Four Republicans who have their eye on the 2014 race for governor are making their way to the starting gate. The next four months may narrow the field for the contenders who rely on taxpayer funds to finance of their campaigns.
State Sen. Toni Boucher of Wilton, Mayor Mark Boughton of Danbury and state Senate Minority Leader John McKinney of Fairfield are organizing to challenge the most familiar candidate, Greenwich businessman and former American ambassador to Ireland Tom Foley, the party's 2010 nominee. Foley's narrow defeat by Democrat and Working Families Gov. Dannel P. Malloy three years ago makes him the front-runner among Republicans for a rematch.
Foley has a lot of money and was willing to spend it in the 2010 race. The other three Republicans are in the early stages of raising money under the state's complicated public financing rules. McKinney has announced he is running for governor, so his goal is to collect $100 contributions as fast as he can to get him to the $250,000 jackpot that opens the door to millions more.
Boucher and Boughton are proceeding under the rules that apply to exploratory committees. That allows them to accept contributions up to $375 each, but they cannot declare that they absolutely are running for governor. It's an awkward fiction that they'll have to maintain as they test their strength among Republicans who donate to campaigns and others who will serve as delegates to the state's spring nominating convention.
The first reporting period ends on Sept. 30, not long after the three candidates have started to raise money. The test will come in the fall. From October through December, a serious candidate ought to be able to start putting some numbers on the board.
This is the harsh reality of raising money for Republicans under the state's generous taxpayer financed scheme. The pool of donors is not vast. There are hundreds of thousands more Democrats than Republicans in Connecticut and Dannel Malloy, an aggressive fundraiser who had run for governor four years before, did not qualify for the bonanza until well into the spring of 2010.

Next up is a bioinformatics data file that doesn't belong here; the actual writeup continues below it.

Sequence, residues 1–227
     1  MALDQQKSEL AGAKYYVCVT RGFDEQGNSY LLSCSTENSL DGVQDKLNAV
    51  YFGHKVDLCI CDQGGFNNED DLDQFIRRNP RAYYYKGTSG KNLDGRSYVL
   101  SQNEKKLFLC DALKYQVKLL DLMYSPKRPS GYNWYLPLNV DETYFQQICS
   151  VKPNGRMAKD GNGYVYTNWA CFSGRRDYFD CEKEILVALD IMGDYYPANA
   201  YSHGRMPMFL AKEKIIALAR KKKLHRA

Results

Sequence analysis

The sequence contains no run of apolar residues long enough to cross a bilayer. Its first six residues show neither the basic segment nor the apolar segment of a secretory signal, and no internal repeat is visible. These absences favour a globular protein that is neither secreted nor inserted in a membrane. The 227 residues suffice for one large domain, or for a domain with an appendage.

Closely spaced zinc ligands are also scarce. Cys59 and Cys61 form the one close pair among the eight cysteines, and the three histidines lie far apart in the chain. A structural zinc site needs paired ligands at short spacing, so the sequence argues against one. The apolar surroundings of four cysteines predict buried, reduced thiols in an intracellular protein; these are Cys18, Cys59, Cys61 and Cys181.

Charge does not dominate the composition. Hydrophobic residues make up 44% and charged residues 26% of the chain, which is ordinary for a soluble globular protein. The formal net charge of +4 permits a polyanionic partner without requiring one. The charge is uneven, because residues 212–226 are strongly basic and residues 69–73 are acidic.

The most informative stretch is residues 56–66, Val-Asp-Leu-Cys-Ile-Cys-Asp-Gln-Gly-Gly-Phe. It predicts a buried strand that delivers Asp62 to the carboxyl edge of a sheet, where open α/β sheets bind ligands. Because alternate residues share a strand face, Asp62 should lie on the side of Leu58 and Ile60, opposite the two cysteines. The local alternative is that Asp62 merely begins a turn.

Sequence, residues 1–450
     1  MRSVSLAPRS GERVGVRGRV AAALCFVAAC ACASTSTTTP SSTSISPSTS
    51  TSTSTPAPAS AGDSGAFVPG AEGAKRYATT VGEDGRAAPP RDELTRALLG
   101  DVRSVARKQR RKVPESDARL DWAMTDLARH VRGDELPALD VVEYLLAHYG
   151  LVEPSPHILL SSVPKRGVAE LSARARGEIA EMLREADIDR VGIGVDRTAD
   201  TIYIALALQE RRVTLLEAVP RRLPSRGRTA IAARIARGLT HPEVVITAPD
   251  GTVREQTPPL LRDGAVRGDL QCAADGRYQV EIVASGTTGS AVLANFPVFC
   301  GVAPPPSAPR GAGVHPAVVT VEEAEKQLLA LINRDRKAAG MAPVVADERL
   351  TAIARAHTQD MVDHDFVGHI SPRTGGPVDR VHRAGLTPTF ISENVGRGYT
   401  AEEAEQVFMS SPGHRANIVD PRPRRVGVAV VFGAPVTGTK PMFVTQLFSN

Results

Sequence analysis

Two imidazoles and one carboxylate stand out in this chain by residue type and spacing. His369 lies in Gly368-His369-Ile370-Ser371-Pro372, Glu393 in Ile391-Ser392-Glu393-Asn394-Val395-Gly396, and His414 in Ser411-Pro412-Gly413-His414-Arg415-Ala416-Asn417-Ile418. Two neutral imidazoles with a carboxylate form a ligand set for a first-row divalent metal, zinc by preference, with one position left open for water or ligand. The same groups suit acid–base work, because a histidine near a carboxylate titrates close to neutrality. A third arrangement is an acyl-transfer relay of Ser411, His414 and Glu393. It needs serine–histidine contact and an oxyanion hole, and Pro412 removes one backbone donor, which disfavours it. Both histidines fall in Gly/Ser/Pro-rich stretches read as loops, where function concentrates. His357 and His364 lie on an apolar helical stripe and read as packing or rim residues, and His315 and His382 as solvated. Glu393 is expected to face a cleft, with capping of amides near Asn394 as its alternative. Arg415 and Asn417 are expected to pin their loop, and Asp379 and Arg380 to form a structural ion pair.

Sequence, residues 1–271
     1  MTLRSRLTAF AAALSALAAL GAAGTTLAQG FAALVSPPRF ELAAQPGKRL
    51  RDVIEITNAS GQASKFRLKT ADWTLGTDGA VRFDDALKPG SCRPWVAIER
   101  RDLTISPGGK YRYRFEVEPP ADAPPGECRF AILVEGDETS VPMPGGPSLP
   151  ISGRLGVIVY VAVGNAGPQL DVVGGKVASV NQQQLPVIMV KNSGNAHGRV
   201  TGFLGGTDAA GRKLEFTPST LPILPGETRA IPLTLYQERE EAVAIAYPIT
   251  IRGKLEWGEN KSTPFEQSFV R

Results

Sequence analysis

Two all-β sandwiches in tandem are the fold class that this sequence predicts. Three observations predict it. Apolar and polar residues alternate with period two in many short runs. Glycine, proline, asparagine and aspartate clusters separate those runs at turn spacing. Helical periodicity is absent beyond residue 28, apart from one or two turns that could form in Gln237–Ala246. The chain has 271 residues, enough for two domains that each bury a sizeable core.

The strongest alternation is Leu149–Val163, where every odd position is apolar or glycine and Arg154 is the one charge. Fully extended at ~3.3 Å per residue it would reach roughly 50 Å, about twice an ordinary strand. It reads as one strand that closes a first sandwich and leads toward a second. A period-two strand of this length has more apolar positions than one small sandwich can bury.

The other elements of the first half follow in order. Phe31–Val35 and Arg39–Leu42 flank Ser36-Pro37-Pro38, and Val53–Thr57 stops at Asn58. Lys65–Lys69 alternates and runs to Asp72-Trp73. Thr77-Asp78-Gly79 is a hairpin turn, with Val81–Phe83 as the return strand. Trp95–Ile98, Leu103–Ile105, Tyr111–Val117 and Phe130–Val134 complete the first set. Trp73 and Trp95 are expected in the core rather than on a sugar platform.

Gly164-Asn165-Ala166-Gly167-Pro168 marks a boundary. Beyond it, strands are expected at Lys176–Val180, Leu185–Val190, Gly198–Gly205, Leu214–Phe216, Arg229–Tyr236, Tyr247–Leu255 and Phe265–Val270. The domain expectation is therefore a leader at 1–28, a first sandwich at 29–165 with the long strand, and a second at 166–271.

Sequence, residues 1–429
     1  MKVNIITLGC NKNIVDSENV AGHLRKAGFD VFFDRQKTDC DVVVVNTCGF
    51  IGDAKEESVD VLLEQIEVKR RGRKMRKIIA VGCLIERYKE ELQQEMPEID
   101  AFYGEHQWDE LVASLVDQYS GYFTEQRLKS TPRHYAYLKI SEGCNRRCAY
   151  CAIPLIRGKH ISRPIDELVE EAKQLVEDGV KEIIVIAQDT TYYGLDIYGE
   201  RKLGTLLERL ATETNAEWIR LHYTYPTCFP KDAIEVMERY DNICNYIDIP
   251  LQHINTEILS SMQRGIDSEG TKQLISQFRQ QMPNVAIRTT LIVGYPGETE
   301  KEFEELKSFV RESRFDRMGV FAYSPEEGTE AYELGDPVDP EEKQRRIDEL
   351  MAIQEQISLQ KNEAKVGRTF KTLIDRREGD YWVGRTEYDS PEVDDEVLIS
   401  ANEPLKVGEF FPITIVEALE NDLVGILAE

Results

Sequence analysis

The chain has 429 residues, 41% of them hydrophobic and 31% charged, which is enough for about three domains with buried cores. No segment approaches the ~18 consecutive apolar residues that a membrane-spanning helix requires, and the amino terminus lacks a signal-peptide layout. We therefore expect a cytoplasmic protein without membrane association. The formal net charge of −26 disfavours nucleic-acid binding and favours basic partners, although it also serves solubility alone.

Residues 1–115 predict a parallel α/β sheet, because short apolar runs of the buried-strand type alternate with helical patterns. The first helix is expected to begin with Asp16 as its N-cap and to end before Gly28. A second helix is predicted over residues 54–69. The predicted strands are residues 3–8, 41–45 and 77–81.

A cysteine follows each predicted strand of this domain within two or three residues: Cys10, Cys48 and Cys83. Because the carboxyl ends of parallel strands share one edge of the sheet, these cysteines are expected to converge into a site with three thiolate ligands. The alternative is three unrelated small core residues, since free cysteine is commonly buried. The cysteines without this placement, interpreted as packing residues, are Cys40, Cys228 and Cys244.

You're reading this column, so you probably have a heightened interest in politics and public affairs. Chances are you don't contribute money to political campaigns. Not many people do. The Sunlight Foundation, according to The Washington Post, found that "nearly 30 percent of the $6 billion [yes, billion with a 'b'] contributed to federal campaigns and committees in the 2012 election" came from only 31,385 people. That is, the report emphasized, one-tenth of 1 percent of the nation's population.
Engaged partisans are the most likely to contribute. That's not a big pool of Republicans in Connecticut. A contributor to one is unlikely to give to a rival. You cast your lot with a contribution. The competition among Boucher, Boughton and McKinney will be intense.
Boughton has been through this before. He ran for the Republican nomination for governor in 2010 and withdrew shortly before the convention because he could not raise the money. McKinney has many friends in Fairfield County. He'll need those friends to go several degrees of separation to find other donors. Boucher is new to this bigger stage. She'll soon know if she can compete in the race to collect the most in small contributions.
Not everyone will give the magic $100. Some will give $25 or $50 and the candidate had better be grateful for that. In a crowded field, each candidate needs thousands of contributors.
Raising the money requires the phone to become a candidate's constant companion. It is numbingly repetitious. During thousands of phone calls to strangers, a candidate is going to get dragged into some conversational mazes that even the polite hopeful will have trouble escaping, if they can get through. Caller ID and voice mail are implacable enemies of the candidate on the prowl for donations.
If a candidate reaches you, keep in mind that your relationship has just begun. You'll be asked if your spouse, children or parents would also like to contribute. Got some scores to settle? Give the names and phone numbers of your antagonists to a candidate raising money. They will know no peace.
Kevin Rennie is a lawyer and a former Republican state legislator. He can be reached at firstname.lastname@example.org.Copyright © 2015, The Baltimore Sun